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A Brief History of US War Failures, Lies, and Brutalities

Dear PEERS subscribers,

In 2021, President Joe Biden declared that the United States was “not at war” for the first time in 20 years. However, this was far from the case. Even members of Congress are uninformed about the presence of US military forces in countries all over the world. US bombs and weapons sold to the Saudis in their war with Yemen, which weren't reported or authorized by Congress, led to at least 10,000 deaths of innocent civilians. This war was supported by both the Obama and Trump administrations.

A 2007 Defense Department study recently obtained by The Intercept reveals how top US government officials viewed America’s war in Africa as a "stalemate or worse, and has been especially ruinous for Somalis." Despite this grim reality, covert factions within the military-intelligence complex have supported at least nine coups in African countries since 2008, with a vast network of military bases scattered across the continent. Meanwhile, Somali families of innocent civilians killed by US drone strikes rarely receive compensation from the Pentagon.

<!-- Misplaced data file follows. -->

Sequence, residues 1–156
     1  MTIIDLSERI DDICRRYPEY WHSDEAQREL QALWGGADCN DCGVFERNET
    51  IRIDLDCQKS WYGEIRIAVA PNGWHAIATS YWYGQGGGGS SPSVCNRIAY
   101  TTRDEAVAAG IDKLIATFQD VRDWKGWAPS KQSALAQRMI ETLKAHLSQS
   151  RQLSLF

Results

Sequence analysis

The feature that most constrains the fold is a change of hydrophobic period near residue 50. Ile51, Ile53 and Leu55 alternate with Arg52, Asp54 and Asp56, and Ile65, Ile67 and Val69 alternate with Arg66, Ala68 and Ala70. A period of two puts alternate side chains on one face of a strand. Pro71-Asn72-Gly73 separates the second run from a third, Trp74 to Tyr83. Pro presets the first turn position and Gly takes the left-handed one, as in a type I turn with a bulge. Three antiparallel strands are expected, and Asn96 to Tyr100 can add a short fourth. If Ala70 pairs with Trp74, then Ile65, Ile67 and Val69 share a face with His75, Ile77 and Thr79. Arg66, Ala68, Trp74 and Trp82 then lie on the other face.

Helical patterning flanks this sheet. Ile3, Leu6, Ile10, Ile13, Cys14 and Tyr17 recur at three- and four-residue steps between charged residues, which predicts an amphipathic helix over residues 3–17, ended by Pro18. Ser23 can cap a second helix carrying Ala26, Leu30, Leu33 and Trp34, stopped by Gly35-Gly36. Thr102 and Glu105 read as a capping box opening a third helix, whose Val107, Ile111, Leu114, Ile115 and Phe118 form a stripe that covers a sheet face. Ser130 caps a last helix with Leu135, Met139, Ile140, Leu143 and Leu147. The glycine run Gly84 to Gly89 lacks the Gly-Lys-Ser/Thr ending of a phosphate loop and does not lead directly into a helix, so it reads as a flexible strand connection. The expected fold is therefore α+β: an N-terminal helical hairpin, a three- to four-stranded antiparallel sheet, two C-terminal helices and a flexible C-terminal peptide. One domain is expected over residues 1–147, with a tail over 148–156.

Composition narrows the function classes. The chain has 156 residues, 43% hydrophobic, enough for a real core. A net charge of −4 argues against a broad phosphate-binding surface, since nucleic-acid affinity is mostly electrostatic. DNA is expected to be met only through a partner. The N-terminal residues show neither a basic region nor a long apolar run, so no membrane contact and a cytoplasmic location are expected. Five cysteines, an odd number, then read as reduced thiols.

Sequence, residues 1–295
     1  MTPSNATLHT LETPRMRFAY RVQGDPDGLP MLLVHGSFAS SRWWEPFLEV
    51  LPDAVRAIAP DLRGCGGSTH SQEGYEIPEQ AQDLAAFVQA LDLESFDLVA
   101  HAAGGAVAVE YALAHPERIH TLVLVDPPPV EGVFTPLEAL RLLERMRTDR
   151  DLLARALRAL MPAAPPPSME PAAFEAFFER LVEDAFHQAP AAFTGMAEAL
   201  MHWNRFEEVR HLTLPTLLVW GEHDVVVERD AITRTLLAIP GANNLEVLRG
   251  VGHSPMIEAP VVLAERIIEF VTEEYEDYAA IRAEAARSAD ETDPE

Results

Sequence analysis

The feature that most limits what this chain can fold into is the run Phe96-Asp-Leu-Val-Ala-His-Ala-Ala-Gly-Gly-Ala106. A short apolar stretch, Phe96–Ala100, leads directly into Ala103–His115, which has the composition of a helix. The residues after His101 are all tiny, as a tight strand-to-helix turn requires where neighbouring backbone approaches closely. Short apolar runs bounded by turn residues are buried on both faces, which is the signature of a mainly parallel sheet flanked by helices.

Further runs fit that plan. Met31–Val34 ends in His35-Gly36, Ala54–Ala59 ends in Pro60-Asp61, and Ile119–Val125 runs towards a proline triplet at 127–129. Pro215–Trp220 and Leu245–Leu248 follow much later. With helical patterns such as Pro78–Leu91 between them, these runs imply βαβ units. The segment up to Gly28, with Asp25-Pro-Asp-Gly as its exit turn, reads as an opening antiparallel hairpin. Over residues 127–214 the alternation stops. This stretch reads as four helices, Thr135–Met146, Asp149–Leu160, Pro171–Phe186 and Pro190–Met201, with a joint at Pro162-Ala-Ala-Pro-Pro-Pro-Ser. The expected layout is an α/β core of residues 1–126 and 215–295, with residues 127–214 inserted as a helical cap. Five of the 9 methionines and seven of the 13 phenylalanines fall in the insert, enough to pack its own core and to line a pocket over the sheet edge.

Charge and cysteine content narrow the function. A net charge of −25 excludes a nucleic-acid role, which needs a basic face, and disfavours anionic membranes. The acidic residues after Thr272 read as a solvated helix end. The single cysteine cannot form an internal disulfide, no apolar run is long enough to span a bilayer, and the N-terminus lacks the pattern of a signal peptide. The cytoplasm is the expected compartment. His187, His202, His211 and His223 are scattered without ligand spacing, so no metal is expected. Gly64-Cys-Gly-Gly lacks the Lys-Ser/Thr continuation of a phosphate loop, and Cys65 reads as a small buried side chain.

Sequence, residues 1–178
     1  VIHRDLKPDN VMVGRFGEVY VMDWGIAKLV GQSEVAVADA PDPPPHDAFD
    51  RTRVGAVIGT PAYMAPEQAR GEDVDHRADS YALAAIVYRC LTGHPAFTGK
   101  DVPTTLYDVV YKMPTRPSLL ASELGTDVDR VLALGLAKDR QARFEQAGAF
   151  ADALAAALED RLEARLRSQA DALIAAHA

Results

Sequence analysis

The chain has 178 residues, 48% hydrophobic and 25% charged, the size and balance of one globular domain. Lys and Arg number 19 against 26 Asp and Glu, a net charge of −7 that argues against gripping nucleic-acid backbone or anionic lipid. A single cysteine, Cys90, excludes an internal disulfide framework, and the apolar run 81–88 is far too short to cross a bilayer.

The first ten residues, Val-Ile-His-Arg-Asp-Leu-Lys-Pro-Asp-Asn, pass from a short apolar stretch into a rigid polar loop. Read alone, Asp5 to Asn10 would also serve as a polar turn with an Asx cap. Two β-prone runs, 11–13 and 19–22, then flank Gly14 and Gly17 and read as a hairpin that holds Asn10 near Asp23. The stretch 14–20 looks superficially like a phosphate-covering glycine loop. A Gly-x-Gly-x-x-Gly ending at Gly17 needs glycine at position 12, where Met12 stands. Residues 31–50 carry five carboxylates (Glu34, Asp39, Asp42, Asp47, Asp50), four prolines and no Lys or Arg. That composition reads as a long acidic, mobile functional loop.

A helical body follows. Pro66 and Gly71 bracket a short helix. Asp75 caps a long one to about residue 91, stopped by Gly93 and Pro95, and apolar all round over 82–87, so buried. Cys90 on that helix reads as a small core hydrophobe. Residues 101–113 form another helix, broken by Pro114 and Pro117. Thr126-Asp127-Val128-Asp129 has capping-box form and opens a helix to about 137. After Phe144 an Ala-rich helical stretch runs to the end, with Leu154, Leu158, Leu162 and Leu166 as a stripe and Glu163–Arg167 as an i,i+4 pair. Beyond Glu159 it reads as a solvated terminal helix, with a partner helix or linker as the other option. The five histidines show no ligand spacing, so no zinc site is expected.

Collective action against the violent atrocities happening in the Gaza strip and US arm sales to Israel are appropriately being questioned on a massive scale. However, the US has supported brutalities all over the world for decades, many of these seldom talked about on any mainstream level. Understanding the longstanding history of the US war machine is essential for those seeking justice in the wars that the US Military-Intelligence Complex is currently fueling.

Public support for war has always been built on media manipulation, misinformation and outright lies. Below, we provide a window into this reality with our War Failures and Lies section in our Military-Intelligence Corruption Information Center. We discuss the sobering reality that the wars we've started and helped fuel rarely achieved productive and peaceful outcomes. Yet going deeper, we explore how covert action within the US war machine often involved backing extremist and terrorist groups all over the world. The agency's latest covert action involves supporting Neo-Nazis in Ukraine since at least 2014.